COLLEGE PARK--Being a fifth-year starting quarterback on a college football team naturally categorizes you. You’re a holdover from the previous coaching regime. You’ve been trusted with the reins of the offense.
But what happens when you’re a sixth-year quarterback in the same position?
“I think I was the old guy last year,” Maryland’s C.J. Brown, who finds himself in that situation in his sixth year, said with a laugh at spring practice last week.
Brown was granted a sixth year of eligibility due to injury by the NCAA prior to last season, essentially cemented the fact that a two-year run of a Brown-run offense would begin in August 2013.
Though forced to work through various injuries last season, including a concussion suffered in a loss to Florida State and lingering mid-section issues, Brown filled the mold that head coach Randy Edsall envisioned.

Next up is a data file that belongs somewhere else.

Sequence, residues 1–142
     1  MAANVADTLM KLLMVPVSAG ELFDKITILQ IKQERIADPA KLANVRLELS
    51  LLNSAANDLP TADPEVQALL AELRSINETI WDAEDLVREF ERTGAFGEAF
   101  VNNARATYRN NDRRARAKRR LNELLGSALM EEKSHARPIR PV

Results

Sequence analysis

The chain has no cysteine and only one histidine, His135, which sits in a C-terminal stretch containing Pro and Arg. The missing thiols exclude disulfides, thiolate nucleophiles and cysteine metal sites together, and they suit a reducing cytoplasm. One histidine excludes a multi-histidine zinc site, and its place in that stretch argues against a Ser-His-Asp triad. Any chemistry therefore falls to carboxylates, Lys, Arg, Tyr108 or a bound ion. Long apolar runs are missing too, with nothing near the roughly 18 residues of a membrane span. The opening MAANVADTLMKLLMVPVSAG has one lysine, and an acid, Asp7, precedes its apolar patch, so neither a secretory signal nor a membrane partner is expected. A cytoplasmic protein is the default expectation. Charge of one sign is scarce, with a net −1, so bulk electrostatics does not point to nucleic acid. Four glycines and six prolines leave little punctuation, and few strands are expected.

When healthy, he was a dual-threat quarterback who could both beat teams through the air and on the ground. He finished with 2,242 yards and 25 total touchdowns while throwing seven interceptions.
He now returns to a wide receiving core that is one of the conference’s most talented but is also recovering from injury.
“I’m still a senior but each year I feel, as a quarterback, I think [certain things] come with the territory,” he said. “In terms of leadership and, you know, guiding the younger guys.”
The “younger guys” will be vying for the backup job behind him, including Caleb Rowe, who started in Brown’s place when he was injured in 2013, and Perry Hills, who continued to recover from a knee injury last season.
“Guys look to me,” Brown said. “[They] look to see how I’m doing, look how I’m performing and how I’m feeling when I come out here so I think it’s big...to be out here, to have some fun.”